I was thrilled when it occurred to me that when daylight savings time hits, the girls will automatically go to bed an hour earlier -- no adjustments needed. My glee fled the next morning when Nikki woke me at 6 a.m and it occurred to me that when we "fall back" it would be 5 a.m.
I'm not sure how to make this a winning situation.
The number of sleepless nights is tapering off as the girls get older, but they are by no means over. Take last night for example.
Katie came into my room at about 4 a.m. and crawled into bed. She doesn't do it often, so I always let her. She stays until I can no longer breath (being cramped between two immovable bodies) then I take her back to her room.
Last night she left willingly, but only got as far as the couch. When I heard her call for a drink, I trudged to the kitchen for it.
I checked Nikki and found her on the floor of her bedroom watching a movie.
That was kind of odd. She can't climb out of her bed and she definitely can't reach the VCR.
I discovered this morning that she woke about 3 a.m. and wasn't ready to go back to sleep. She woke Katie with her crying and Katie wasn't ready either.
My husband was ready to sleep, thus, the movie.
That's not the first time Disney -- or a similar producer -- has come to the rescue.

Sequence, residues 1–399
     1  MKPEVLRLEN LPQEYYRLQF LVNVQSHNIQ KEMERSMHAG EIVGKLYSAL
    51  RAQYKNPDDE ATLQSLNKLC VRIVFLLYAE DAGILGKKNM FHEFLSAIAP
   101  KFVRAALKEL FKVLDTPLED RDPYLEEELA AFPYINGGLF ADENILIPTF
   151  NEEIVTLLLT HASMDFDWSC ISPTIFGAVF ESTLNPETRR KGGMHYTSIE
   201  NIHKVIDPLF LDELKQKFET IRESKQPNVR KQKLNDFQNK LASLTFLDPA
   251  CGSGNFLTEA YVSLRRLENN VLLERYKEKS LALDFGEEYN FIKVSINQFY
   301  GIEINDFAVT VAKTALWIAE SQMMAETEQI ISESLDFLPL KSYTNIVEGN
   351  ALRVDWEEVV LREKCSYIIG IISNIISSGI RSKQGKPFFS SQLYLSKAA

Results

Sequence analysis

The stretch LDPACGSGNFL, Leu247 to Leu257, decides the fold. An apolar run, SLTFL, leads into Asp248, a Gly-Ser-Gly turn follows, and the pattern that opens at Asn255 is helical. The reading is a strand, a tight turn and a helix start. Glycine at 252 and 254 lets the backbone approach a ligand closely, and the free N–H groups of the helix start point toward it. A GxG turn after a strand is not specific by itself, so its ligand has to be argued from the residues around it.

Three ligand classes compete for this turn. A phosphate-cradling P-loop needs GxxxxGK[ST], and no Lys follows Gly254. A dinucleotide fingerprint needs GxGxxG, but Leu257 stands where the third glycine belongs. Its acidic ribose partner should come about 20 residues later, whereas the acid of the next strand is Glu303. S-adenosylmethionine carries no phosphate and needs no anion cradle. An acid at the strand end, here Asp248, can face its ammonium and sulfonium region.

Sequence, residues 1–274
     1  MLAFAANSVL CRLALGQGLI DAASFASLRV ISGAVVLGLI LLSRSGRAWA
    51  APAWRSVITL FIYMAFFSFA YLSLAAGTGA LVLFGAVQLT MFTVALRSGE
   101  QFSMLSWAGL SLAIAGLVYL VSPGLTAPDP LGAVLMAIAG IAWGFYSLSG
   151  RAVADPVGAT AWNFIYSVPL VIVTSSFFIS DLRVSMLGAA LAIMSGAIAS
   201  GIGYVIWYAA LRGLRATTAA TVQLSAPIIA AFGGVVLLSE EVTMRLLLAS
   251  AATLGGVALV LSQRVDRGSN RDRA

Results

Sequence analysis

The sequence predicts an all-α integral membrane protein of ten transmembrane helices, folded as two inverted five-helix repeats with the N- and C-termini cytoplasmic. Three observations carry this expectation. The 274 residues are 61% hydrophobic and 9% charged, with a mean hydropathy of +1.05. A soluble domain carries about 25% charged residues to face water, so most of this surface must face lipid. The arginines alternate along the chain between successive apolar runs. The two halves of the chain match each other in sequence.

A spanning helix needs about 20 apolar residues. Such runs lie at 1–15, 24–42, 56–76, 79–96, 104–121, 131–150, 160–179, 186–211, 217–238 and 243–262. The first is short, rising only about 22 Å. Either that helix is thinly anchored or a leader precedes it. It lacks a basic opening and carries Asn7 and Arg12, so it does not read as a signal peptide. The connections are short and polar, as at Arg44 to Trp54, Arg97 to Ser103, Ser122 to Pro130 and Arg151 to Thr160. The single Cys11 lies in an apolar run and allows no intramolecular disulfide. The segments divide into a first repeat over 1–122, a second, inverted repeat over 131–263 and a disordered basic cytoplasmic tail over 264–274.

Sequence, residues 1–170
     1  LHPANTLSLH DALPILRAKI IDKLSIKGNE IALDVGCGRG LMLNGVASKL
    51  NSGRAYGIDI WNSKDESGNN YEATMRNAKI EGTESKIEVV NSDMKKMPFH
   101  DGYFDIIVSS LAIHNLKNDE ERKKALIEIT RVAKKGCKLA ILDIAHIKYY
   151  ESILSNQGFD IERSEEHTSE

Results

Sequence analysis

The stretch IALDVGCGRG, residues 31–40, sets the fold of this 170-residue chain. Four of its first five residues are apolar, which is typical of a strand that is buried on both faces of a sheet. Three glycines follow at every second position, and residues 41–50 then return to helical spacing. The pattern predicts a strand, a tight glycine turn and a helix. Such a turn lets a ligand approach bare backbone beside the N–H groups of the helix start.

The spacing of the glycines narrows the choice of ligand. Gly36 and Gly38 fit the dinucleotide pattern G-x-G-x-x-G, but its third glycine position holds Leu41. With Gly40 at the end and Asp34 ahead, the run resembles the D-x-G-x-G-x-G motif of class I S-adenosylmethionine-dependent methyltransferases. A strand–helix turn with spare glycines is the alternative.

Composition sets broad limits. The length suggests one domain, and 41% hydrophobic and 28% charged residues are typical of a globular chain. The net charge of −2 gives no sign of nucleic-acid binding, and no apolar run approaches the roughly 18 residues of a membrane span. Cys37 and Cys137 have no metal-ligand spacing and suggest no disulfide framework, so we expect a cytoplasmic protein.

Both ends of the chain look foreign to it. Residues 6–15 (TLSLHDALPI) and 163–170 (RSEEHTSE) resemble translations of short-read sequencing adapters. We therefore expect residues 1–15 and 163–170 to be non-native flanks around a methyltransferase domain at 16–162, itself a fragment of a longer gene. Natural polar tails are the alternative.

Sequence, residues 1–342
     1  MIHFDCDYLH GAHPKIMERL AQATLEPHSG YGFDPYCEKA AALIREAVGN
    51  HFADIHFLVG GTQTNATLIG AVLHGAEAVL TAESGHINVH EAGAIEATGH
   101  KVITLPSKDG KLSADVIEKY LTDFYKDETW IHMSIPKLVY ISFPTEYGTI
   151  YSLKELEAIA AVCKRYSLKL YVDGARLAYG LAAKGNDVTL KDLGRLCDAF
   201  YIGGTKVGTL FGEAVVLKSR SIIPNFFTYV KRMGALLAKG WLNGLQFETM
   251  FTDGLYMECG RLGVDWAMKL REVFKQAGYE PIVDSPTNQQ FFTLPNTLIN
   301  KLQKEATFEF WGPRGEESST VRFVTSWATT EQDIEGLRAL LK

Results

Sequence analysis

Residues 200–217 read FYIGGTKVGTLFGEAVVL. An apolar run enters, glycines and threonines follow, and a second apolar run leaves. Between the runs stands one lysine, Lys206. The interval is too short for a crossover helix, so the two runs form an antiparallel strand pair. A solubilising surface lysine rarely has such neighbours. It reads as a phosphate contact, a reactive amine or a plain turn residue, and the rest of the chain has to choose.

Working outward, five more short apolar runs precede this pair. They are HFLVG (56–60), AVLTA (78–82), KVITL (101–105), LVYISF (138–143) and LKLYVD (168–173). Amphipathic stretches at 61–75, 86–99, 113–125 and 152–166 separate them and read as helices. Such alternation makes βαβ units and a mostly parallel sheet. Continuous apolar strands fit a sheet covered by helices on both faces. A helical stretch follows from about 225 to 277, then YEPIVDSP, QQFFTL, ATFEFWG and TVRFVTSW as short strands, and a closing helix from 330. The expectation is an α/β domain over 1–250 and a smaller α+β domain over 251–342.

Movies are great for rainy mornings, times when you just have to concentrate on the task at hand or need a shower.
And, because so many children's movies are made with adults in mind, you don't mind sitting down and watching them, too. Well, mostly.
Right now the ranking favorites are "puppies" (101 Dalmations), "donkey" (Shrek), "princess" (Beauty and the Beast) and "mouse" (Stuart Little).
They are all movies I enjoyed. I even enjoyed them the tenth time. It's the 53rd time when I'm searching the archives for a new alternative.
See, with kids, it's feast or famine.
When I was pretty insecure about being a working mother and upset each morning when I left them with the baby-sitter, Katie wouldn't so much as look at me as soon as I set her down. She was off to the toy box to empty it out and make sure each one was accounted for. She'd toss a careless goodbye over her shoulder and promptly forget about me.
I spent more time than I should've coaxing her into missing me a little.
Sure, it was great that she was happy and comfortable, but throw me a bone, would ya?
Now, the situation is the opposite. She won't let me put her down when we arrive at the sitter's and never fails to engage me in a game that will keep me near. She won't kiss me goodbye, knowing that I'll stay until I get one.
I spend more time than I should coaxing her into letting me go.
Really, it's one extreme or the other.
Conversely, Nikki's fine with me leaving. She's a little better about meeting me in the middle in that she'll make me feel loved and be OK with my leaving.
Kids do the same thing with food. They love it one day, and just when you've bought enough to share with a small country, they're over it.
I made this (recommended for kids) casserole that included noodles, tomato sauce and lots of cheese. After every single bite, Katie rubbed her stomach and said "mmm, good taste."
Parents know that finding food a kid will eat is a huge deal, so I decided then and there that we were having that particular dish every other night.
We really didn't, but the next time I served it, Katie took one bite and headed back to Disney.
It was a crushing blow.
What are you going to do. Parenthood is a time for experimentation and children give you plenty of reasons to get creative.
Luckily, Disney can come to your rescue when you're in need of